Synthetic biology as a source of global health innovation
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- Rooke, J. Syst Synth Biol (2013) 7: 67. doi:10.1007/s11693-013-9117-3
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Synthetic biology has the potential to contribute breakthrough innovations to the pursuit of new global health solutions. Wishing to harness the emerging tools of synthetic biology for the goals of global health, in 2011 the Bill & Melinda Gates Foundation put out a call for grant applications to “Apply Synthetic Biology to Global Health Challenges” under its “Grand Challenges Explorations” program. A highly diverse pool of over 700 applications was received. Proposed applications of synthetic biology to global health needs included interventions such as therapeutics, vaccines, and diagnostics, as well as strategies for biomanufacturing, and the design of tools and platforms that could further global health research.
KeywordsGlobal health Synthetic biology Innovation Funding
Why apply synthetic biology to global health?
Technological advances in the field of health continually bring us closer to a world where a healthy life is a real option for every individual on the planet, regardless of geography, culture, or socioeconomic status. However, these benefits tend to accrue disproportionately to the developed world; the need is still great for solutions that can diagnose illness, protect against infection, and treat disease in a broad array of low-cost settings with developing-world healthcare systems and limited infrastructure. Innovative, technology-enabled alternatives to standard approaches for developing novel human health solutions are required to solve some of the most difficult global health challenges, where solutions must both comprise breakthrough science and be practical, affordable, and accessible to people in need. Synthetic biology (Andrianantoandro et al. 2006) is one such approach with the potential to deliver global health solutions, including vaccine and drug creation, diagnostics, and combinations of interventions within a single biological system.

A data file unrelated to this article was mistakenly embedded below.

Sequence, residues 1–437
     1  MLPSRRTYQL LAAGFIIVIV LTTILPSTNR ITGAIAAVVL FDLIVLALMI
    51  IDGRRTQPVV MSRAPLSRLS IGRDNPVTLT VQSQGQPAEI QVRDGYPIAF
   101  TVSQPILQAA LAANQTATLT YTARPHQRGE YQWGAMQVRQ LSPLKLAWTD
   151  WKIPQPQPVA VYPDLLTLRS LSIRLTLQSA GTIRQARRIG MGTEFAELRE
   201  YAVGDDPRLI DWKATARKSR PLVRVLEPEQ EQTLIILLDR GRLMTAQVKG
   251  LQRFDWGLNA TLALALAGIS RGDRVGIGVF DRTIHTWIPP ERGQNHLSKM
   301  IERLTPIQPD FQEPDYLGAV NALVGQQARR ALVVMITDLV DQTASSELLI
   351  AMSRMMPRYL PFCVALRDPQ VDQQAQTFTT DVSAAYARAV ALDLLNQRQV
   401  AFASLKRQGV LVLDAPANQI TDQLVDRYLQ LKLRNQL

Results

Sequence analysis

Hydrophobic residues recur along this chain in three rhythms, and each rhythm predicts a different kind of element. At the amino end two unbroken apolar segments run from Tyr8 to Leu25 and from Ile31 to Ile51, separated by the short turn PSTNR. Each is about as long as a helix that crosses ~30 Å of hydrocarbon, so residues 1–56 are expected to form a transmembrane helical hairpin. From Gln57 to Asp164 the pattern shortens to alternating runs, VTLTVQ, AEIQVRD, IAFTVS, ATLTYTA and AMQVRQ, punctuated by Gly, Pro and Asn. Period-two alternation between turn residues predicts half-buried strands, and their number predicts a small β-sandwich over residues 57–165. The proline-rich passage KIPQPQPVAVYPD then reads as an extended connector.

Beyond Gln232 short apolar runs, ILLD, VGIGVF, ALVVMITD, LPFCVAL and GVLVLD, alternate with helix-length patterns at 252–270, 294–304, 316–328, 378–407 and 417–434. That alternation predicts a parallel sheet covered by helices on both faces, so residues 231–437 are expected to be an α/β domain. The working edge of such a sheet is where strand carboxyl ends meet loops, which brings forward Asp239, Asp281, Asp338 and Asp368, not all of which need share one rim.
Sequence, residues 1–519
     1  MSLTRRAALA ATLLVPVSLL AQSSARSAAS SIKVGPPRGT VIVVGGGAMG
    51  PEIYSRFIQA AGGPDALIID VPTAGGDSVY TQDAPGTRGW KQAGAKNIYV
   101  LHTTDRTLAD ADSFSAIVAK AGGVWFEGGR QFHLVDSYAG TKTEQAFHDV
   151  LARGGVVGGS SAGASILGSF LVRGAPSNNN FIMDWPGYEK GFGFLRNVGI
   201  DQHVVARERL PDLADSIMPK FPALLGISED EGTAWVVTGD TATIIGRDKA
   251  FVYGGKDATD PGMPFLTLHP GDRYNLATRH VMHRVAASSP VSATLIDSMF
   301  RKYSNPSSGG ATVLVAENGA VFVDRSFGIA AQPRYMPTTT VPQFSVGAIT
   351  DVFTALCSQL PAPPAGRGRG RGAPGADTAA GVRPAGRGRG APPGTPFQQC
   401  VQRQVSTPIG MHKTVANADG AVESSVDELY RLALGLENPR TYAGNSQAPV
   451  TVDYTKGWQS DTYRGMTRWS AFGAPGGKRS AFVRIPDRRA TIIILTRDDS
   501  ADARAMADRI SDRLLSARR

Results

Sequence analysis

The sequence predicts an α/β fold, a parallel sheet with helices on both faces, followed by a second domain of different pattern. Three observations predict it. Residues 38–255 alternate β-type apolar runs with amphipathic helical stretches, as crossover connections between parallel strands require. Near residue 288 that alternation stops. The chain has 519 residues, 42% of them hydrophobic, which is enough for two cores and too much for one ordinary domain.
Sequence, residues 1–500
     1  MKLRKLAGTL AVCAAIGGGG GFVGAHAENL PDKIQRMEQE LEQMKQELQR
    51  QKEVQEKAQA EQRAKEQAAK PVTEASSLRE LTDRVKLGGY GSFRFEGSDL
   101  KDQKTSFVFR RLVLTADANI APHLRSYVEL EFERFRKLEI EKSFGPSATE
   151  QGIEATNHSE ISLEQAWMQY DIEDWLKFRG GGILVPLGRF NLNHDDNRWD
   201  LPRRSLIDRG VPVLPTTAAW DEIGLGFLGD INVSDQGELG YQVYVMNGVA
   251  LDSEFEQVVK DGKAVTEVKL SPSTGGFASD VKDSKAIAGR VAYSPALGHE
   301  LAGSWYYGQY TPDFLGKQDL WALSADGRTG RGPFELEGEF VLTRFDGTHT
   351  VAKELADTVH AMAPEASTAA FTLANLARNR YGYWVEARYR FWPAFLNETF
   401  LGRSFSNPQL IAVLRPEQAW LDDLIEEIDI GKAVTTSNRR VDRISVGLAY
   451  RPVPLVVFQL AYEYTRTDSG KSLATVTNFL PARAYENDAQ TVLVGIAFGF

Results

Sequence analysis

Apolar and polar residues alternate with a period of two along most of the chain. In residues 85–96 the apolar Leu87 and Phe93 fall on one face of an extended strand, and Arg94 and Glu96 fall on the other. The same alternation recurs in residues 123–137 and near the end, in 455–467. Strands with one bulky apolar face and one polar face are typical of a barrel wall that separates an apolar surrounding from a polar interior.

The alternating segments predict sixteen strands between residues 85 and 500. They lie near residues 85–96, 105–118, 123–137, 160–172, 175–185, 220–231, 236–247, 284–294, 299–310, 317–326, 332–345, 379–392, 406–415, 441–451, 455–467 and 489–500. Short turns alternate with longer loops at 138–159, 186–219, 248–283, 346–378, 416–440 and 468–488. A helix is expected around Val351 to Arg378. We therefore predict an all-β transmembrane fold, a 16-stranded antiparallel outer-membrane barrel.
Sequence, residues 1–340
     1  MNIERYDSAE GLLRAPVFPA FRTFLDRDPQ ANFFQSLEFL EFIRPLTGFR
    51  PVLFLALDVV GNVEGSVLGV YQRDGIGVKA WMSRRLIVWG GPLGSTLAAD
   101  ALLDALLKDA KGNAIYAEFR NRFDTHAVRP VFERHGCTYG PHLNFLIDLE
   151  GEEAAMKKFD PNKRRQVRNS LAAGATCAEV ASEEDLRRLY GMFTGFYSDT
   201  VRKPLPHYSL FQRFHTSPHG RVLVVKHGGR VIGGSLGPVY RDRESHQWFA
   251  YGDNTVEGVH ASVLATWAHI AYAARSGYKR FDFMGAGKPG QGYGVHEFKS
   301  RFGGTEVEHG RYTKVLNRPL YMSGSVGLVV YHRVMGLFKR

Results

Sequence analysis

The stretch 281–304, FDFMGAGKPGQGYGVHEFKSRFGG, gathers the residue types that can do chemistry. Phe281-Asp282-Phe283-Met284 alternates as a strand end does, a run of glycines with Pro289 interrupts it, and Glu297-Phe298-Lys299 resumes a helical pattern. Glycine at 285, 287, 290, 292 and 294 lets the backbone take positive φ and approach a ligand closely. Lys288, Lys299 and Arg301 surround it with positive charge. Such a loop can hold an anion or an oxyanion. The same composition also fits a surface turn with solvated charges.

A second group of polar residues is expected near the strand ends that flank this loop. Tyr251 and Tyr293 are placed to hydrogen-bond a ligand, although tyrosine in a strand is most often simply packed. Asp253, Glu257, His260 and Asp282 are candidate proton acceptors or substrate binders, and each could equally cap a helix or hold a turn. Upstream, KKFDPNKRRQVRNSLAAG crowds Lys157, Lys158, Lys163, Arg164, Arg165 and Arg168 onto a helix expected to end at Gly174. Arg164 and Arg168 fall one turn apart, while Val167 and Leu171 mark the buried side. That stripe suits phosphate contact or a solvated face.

Characterized by a bottoms-up approach to designing biological systems for a specific purpose, synthetic biology offers opportunities for achieving goals that observation and analysis do not. A synthetic goal forces science to broach and solve problems that are not readily encountered through analysis alone, driving the creation of new solutions. Like global health, synthetic biology is highly multidisciplinary, bringing together tools and perspectives from traditional health and life sciences disciplines such as cell biology, chemistry, genetics, pathology, and immunology, among others, as well as disciplines less tightly linked to the health sciences, such as engineering, materials science, and fabrication. And synthetic biology is already showing promise in fields such as industrial biology and biofuels for improving the economics and accessibility of products, for example by reducing manufacturing costs and improving production efficiency.1
A novel intervention to prevent infectious disease using chemicals, materials or organisms engineered via synthetic biology approaches;